Leslie Jones Mocks Donald Trump For Complaining That Saturday’s Episode Of ‘SNL’ Made Fun Of Him

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Leslie Jones mocked Donald Trump for complaining that Saturday’s episode of Saturday Night Live made fun of him, pointing out to the president that the episode was a rerun from December 2018.

As Yahoo Entertainment reports, on Sunday Trump posted a three-part series of tweets in which he complained about the long-running NBC show “knocking the same person (me)” without presenting “the other side.” He then suggested that the Federal Communications Commission (FCC) should “look into” SNL and other late-night talk shows for being unfair to him, and touted his 52 percent approval rating (which he doesn’t actually have, according to any poll).

Saturday’s episode was a rerun from December 15, 2018.

Trump also complained about Saturday Night Live making fun of him in a tweet the day after the episode originally aired.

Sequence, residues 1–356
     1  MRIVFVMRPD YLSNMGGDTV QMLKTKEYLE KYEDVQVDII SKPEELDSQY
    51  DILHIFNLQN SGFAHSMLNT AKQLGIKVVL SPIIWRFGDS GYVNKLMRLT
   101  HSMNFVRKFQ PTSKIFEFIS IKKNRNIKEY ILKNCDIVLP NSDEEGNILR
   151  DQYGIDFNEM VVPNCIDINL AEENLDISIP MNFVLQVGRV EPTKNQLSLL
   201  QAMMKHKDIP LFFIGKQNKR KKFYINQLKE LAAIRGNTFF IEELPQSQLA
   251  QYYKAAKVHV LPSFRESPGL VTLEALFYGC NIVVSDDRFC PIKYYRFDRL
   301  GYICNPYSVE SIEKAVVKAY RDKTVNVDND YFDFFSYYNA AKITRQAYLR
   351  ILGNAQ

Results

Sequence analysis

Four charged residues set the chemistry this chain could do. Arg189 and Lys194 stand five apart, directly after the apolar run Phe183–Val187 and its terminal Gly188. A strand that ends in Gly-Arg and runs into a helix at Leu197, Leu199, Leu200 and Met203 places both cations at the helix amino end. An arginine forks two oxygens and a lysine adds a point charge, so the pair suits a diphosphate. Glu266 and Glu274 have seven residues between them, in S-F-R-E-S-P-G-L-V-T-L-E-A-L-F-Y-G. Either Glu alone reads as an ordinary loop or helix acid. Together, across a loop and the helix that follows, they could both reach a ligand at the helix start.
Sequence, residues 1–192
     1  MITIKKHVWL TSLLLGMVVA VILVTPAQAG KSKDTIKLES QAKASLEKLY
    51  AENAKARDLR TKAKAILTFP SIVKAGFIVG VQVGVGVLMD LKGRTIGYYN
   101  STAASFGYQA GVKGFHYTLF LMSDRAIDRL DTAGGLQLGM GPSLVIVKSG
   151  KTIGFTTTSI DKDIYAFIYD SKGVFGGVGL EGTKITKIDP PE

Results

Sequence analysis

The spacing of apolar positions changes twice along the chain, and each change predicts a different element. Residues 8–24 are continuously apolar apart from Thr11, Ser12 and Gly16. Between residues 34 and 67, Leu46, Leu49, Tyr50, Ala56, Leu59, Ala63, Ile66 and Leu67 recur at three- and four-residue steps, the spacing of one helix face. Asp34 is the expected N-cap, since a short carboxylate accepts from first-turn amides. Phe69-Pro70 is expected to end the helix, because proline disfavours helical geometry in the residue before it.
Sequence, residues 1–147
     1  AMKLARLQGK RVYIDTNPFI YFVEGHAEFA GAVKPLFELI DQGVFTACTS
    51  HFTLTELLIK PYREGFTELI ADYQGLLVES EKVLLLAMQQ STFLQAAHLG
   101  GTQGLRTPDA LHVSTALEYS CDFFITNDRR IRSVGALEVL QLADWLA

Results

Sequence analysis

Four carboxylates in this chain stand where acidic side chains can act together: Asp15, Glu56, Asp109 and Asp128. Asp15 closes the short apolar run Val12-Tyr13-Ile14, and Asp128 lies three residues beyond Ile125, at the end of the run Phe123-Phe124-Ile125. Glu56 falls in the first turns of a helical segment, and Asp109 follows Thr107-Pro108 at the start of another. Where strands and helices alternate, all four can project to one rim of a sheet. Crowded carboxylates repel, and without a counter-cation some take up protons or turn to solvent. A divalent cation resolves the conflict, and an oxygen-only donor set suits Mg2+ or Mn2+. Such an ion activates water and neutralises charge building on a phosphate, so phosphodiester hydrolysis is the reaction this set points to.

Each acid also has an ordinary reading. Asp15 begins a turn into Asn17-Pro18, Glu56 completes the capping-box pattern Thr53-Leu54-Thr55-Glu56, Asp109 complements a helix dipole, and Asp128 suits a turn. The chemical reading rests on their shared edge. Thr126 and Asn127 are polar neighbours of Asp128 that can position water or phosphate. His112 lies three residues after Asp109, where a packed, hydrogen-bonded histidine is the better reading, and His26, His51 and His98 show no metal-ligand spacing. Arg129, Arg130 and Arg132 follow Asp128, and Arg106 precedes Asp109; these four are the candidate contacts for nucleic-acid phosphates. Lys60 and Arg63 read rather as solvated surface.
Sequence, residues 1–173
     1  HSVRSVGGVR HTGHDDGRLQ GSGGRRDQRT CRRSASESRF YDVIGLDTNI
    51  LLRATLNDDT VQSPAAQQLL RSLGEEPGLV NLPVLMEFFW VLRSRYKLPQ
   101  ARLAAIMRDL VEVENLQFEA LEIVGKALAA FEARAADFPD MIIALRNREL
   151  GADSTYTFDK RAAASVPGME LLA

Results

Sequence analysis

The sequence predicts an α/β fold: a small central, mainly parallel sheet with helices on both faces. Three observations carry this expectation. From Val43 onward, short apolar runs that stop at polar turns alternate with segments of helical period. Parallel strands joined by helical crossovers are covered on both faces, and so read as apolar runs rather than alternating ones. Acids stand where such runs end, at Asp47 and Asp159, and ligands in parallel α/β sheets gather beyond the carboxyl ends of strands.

“A REAL scandal is the one sided coverage, hour by hour, of networks like NBC & Democrat spin machines like Saturday Night Live. It is all nothing less than unfair news coverage and Dem commercials. Should be tested in courts, can’t be legal? Only defame & belittle! Collusion?”

Leslie Jones, formerly a writer and now a regular cast member on the show, wasn’t having it. In an Instagram post Sunday, she reminded Trump that he was complaining about an episode from three months ago.

“This guy is an idiot!! It was a rerun you moron!! #lordhelpusplease”

Trump has had a love/hate relationship with Saturday Night Live and NBC for a couple of years now. Trump was at one time one of the network’s most valuable properties, with The Apprentice and then appearances on SNL (in 2004), The Tonight Show Starring Jimmy Fallon, and others.

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Trump’s repeated claims that the FCC should “look into” negative coverage of him on late-night talk shows, and that their coverage isn’t legal, are not actually going to go anywhere.

As Freedom Forum Institute explains, shows like Saturday Night Live and other late-night talk shows aren’t news broadcasts; rather, they’re a parody and/or satire. Both such forms of expression are protected by the First Amendment’s guarantees of the right of free speech.

“Satire and parody have served for generations as a means of criticizing public figures, exposing political injustice, communicating social ideologies, and pursuing such artistic ends as literary criticism. Satirists usually find themselves subjected in turn to criticism, contempt and, sometimes, lawsuits. The First Amendment protects satire and parody as a form of free speech and expression.”